New SAT Reading Practice Test 44: Anna Karenina

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Anna Karenina

The following passage is adapted from Leo Tolstoy's 1873 novel, Anna Karenina (translated from the original Russian by Constance Garnett). Prior to this excerpt, one of the major characters, Levin, has realized that he is in love with his longtime friend Kitty Shtcherbatsky.

At four o'clock, conscious of his throbbing heart,
Levin stepped out of a hired sledge at the Zoological
Gardens, and turned along the path to the frozen
mounds and the skating ground, knowing that he
05would certainly find her there, as he had seen the
Shtcherbatskys' carriage at the entrance.
It was a bright, frosty day. Rows of carriages,
sledges, drivers, and policemen were standing in the
approach. Crowds of well-dressed people, with hats
10bright in the sun, swarmed about the entrance and
along the well-swept little paths between the little
houses adorned with carving in the Russian style.
The old curly birches of the gardens, all their twigs
laden with snow, looked as though freshly decked in
15sacred vestments.
He walked along the path towards the skating-
ground, and kept saying to himself—"You mustn't
be excited, you must be calm. What's the matter
with you? What do you want? Be quiet, stupid," he
20conjured his heart. And the more he tried to com-
pose himself, the more breathless he found himself.
An acquaintance met him and called him by his
name, but Levin did not even recognize him. He
went towards the mounds, whence came the clank
25of the chains of sledges as they slipped down or
were dragged up, the rumble of the sliding sledges,
and the sounds of merry voices. He walked on a few
steps, and the skating-ground lay open before his
eyes, and at once, amidst all the skaters, he knew her.
30He knew she was there by the rapture and the ter-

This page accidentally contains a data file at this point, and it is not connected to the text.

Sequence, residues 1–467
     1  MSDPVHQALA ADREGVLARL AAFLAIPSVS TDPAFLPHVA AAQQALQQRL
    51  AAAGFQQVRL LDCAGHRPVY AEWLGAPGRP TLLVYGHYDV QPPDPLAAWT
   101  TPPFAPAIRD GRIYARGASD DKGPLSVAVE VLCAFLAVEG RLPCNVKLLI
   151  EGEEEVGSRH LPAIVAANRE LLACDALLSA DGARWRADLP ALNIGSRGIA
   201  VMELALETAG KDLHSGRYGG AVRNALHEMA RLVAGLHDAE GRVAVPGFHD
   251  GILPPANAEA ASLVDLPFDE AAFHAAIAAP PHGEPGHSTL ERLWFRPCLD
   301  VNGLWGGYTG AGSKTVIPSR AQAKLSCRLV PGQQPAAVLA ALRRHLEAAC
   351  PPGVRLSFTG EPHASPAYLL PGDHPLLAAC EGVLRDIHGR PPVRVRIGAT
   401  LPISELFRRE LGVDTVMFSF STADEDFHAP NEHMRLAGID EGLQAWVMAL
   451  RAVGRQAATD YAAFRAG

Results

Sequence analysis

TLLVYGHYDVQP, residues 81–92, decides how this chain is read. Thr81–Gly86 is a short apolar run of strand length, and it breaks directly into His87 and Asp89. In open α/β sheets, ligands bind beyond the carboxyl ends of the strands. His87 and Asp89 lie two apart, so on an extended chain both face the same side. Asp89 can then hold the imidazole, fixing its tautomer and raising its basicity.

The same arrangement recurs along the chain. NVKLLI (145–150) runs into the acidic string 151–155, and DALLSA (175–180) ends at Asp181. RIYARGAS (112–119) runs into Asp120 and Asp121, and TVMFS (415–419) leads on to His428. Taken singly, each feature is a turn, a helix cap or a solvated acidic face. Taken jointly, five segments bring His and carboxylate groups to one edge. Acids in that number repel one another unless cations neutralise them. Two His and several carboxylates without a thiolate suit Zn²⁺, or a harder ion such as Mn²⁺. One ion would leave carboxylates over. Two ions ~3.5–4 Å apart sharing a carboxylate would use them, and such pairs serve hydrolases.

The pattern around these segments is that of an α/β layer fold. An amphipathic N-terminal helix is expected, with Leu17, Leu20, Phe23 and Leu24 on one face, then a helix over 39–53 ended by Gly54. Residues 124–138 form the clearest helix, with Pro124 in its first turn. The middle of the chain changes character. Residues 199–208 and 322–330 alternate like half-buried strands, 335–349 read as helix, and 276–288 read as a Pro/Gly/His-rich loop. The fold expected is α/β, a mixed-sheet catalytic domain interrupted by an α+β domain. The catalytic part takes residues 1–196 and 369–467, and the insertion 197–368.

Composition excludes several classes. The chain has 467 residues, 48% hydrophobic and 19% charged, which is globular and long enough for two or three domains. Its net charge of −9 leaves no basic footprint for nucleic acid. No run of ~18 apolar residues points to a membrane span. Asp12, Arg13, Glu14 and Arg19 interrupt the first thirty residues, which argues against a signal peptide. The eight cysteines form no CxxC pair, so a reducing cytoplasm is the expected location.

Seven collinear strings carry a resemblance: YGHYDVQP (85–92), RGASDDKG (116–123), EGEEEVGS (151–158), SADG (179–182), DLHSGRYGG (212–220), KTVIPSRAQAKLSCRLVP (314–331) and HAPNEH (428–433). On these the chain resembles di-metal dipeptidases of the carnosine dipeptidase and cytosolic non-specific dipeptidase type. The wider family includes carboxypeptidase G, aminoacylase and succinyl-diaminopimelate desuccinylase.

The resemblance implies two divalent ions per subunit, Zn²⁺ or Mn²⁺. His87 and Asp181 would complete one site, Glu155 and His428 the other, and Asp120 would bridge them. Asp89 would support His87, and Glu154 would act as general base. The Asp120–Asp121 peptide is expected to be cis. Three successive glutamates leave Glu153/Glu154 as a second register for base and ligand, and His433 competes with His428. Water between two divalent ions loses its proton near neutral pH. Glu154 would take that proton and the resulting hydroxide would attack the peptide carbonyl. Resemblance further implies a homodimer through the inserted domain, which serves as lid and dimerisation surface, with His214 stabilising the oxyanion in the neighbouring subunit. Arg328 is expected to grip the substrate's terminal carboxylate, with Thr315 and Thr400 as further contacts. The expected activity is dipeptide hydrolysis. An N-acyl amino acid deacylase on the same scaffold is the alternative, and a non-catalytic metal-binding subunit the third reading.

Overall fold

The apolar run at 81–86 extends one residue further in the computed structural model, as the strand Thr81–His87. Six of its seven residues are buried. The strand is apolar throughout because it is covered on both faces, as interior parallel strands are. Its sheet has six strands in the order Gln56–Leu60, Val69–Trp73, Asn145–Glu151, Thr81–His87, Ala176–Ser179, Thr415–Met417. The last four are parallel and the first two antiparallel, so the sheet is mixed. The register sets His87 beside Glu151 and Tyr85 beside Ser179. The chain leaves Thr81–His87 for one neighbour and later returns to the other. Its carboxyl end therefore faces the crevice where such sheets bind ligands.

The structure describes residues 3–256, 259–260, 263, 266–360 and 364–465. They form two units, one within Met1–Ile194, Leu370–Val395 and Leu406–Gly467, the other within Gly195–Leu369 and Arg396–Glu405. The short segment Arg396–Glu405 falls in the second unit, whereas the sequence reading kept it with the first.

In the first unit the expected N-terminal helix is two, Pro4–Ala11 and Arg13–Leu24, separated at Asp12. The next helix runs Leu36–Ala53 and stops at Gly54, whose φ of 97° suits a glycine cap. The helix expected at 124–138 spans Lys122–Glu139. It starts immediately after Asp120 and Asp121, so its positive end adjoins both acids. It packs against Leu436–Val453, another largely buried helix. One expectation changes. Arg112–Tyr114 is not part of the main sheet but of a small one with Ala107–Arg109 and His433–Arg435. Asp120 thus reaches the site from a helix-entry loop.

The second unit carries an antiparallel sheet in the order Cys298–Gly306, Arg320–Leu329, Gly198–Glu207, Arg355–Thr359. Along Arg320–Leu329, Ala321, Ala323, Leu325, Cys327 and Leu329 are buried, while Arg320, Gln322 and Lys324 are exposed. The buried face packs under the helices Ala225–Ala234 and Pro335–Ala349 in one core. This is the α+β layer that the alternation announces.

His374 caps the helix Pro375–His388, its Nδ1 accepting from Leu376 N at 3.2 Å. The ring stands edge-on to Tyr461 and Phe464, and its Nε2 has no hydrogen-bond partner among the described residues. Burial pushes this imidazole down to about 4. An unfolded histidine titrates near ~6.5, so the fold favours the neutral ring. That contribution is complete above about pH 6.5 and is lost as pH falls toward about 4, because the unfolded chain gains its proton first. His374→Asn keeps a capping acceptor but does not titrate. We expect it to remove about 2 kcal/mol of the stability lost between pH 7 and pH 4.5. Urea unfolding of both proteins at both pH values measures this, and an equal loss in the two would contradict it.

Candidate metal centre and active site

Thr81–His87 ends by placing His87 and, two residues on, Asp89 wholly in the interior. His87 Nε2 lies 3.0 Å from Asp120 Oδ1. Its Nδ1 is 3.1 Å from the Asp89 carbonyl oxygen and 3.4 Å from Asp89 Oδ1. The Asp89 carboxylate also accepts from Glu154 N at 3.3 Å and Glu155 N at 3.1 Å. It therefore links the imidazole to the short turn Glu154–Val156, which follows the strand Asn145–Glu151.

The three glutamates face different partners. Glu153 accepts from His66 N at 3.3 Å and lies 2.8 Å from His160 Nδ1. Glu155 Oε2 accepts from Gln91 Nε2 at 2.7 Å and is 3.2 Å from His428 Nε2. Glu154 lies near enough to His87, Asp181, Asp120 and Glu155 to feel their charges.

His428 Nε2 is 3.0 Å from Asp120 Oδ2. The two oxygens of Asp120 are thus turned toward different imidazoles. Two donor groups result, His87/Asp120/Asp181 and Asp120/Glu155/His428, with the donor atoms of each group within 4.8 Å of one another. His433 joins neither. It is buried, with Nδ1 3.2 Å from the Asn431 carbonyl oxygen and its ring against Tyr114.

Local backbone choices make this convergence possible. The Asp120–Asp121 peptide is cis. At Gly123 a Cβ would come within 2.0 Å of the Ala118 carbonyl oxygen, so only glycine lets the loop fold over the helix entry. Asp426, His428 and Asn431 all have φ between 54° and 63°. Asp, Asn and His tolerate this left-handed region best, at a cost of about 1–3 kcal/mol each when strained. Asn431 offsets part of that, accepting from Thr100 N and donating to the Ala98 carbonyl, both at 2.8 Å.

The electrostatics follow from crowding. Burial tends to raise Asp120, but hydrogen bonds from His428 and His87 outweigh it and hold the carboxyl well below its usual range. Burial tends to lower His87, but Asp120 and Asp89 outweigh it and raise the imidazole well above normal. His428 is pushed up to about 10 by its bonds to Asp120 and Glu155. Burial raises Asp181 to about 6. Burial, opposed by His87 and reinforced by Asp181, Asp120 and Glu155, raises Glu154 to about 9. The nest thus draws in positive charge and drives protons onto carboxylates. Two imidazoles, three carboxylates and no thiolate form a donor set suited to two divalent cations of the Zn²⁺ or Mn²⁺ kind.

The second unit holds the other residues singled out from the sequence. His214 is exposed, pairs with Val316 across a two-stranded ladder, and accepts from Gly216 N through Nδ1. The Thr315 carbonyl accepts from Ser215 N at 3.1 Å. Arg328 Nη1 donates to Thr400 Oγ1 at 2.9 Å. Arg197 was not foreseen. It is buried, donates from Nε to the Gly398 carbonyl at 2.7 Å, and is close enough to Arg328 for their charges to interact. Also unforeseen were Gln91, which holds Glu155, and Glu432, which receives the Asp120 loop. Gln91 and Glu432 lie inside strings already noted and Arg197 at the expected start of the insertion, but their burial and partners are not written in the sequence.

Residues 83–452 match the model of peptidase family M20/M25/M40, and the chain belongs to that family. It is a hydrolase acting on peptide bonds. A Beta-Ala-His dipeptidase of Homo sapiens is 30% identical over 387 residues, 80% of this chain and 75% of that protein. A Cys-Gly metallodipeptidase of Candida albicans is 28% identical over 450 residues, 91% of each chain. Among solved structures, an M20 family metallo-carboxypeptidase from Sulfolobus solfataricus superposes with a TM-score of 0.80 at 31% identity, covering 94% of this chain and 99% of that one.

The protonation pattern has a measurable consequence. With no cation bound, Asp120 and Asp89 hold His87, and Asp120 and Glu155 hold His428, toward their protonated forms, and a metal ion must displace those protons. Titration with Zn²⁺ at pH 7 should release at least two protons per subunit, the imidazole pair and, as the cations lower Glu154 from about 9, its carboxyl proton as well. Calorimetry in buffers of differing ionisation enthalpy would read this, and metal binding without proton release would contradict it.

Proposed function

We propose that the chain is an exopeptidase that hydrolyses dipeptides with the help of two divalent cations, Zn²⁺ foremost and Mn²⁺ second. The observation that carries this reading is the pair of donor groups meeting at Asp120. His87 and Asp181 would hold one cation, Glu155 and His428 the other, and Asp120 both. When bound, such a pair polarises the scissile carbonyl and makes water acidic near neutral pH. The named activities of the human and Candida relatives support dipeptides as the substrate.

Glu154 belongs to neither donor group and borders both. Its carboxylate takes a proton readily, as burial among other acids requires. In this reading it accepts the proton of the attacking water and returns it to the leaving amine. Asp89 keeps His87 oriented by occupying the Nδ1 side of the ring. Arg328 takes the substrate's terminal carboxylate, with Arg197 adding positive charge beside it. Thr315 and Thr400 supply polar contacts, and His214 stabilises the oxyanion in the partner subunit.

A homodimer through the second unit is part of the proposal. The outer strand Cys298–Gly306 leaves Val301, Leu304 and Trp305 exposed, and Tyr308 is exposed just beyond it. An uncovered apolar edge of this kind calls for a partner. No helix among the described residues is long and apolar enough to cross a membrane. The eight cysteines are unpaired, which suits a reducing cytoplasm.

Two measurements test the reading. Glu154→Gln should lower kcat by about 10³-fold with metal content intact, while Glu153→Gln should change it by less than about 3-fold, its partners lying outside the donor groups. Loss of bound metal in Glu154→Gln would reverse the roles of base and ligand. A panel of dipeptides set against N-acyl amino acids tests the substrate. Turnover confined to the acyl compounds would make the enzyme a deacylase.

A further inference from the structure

ror that seized on his heart. She was standing talking
to a lady at the opposite end of the ground. There
was apparently nothing striking either in her dress
or her attitude. But for Levin she was as easy to find
35in that crowd as a rose among nettles. Everything
was made bright by her. She was the smile that shed
light on all round her. "Is it possible I can go over
there on the ice, go up to her?" he thought. The place
where she stood seemed to him a holy shrine, unap-
40proachable, and there was one moment when he
was almost retreating, so overwhelmed was he with
terror. He had to make an effort to master himself,
and to remind himself that people of all sorts were
moving about her, and that he too might come there
45to skate. He walked down, for a long while avoiding
looking at her as at the sun, but seeing her, as one
does the sun, without looking.
On that day of the week and at that time of day
people of one set, all acquainted with one another,
50used to meet on the ice. There were crack skaters
there, showing off their skill, and learners clinging to
chairs with timid, awkward movements, boys, and
elderly people skating with hygienic motives. They